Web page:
Two class batsmen and two screens to watch. I turned my chair so I had a view of all four. Unfortunately, I have only been fitted with two eyes. I have to confess to never having read Origin of the Species so I may be wrong but it did seem to me that the evolution of homo sapiens took no account of the requirements involved when Testimonial Dinners and Somerset matches take place at the same time. Is nothing made properly these days?
I have to confess too that my concentration was more on the two batsmen in front of me than on the two on the screens. You can’t miss two key wickets in two overs though. Trego and Davies caught in the deep trying to keep what was a determined run chase on track. 91 for 3 in the 10th over. A very large mountain to climb but with Hildreth and Anderson now in there was hope that it might just be done.
So, we had Hildreth and Anderson in partnership on the screens and Trescothick and Compton in partnership at the front of the room. All the while the exploits of the left and right handers on the screen were played out in the background like some distant cricket match being played on the far side of a valley. Meanwhile the left and right handers at the front of the room held the attention with stories, opinions, chat and cricketing banter with all the ease of a couple of seasoned campaigners.
I became vaguely aware of sixes crossing the darkness of the night sky in Canterbury as some light still held on in the home skies above the Trescothick and Botham Stands. What sixes those skies have seen pass above those two stands I thought; and not least from one of those now holding the floor between duplicate visions of distant Canterbury on the screens.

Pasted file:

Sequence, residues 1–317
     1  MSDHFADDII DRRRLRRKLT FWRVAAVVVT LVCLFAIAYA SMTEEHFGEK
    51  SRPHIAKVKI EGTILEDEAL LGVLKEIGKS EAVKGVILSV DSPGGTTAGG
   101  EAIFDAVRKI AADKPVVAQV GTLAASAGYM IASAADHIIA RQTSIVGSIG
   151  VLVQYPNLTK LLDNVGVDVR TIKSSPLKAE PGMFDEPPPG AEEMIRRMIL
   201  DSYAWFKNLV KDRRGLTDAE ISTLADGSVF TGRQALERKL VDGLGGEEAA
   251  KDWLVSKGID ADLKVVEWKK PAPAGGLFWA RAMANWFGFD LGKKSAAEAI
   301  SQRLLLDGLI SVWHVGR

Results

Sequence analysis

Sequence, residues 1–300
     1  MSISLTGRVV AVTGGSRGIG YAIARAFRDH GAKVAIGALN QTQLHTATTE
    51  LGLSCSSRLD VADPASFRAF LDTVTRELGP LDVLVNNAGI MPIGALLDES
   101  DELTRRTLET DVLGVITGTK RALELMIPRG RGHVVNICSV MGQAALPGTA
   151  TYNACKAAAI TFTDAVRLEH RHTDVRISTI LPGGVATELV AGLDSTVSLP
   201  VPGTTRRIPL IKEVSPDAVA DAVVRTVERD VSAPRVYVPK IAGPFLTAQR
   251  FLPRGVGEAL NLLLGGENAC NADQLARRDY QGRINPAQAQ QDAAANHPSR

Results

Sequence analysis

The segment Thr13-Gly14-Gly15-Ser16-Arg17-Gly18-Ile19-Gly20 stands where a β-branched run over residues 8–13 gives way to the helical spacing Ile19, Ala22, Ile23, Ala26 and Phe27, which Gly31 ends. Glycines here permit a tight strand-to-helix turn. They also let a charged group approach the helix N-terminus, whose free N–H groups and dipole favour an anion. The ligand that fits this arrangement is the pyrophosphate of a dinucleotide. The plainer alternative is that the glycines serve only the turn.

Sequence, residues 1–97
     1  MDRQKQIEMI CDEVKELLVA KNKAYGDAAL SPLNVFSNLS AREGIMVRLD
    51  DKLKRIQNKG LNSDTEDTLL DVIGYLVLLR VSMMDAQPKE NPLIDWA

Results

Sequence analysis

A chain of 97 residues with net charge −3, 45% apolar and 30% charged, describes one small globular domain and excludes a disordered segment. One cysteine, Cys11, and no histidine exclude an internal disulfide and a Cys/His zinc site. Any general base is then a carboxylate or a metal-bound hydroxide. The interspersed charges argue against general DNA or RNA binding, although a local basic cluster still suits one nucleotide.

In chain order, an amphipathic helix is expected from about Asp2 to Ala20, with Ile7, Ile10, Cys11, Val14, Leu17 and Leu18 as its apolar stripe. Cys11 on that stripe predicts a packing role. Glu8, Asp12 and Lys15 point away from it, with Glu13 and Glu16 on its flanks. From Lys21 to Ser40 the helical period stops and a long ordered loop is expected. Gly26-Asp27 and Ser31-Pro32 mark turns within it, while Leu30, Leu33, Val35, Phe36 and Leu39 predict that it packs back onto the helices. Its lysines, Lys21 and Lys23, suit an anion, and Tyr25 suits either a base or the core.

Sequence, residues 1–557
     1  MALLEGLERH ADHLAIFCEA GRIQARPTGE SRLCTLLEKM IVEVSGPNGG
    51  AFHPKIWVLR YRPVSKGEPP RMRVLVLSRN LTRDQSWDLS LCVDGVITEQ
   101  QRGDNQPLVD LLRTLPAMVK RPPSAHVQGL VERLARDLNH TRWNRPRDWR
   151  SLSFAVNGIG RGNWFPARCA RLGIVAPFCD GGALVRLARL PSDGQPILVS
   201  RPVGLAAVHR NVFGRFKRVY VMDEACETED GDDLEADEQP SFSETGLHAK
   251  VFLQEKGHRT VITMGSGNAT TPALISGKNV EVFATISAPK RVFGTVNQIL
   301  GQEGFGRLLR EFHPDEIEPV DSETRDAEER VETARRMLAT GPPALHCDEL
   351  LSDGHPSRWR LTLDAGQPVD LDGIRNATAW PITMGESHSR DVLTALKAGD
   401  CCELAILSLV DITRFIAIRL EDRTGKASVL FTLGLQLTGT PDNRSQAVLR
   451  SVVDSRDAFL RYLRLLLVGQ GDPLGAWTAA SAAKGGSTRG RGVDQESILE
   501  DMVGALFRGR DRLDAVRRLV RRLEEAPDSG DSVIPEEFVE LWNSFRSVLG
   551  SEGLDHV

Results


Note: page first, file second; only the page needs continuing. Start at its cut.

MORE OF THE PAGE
However engrossed you are you just have to look for the score at some point. You just do. I did a surreptitious blind spot check at the near screen, all that was necessary after I had turned my chair to watch the speakers, and got Anderson out. Why is someone always out just as you check Somerset’s score? I should really know better by now. Better not to know the score than to take a Somerset wicket surely. But you can’t not know the score so you take the wicket. Now please don’t criticise. We’ve all done it.
Anderson had launched a huge skier which seemed to be reaching so high it might have had a message for the gods attached. If so the message fell into the wrong hands, namely the gloved hands of Billings, Anderson gone.
Too soon I thought. 232 was a very long way off but whilst absorbed in what was being said at the front I had totally missed the speed at which Hildreth had been scoring. Some of those sixes had been his. 138 for 4 in the 13th over with less than 100 needed suddenly seemed just about possible or perhaps the atmosphere of the Trescothick testimonial dinner and the presence of the man himself made anything seem possible on a cricket field.
A corner of my eye took unilateral action and focused itself on two numbers at the bottom of the screen. ‘Runs required’ and ‘balls remaining’. Nothing I did would coax it away so I left it to itself and focused the rest of my eyes and all of my ears on the chat and the questions. I willed the chat at the front to go on, ‘balls remaining’ to stand still and ‘runs required’ to plummet. As it was ‘balls remaining’ plummeted whilst in comparison ‘runs required’ seemed to have a parachute now that Anderson was gone.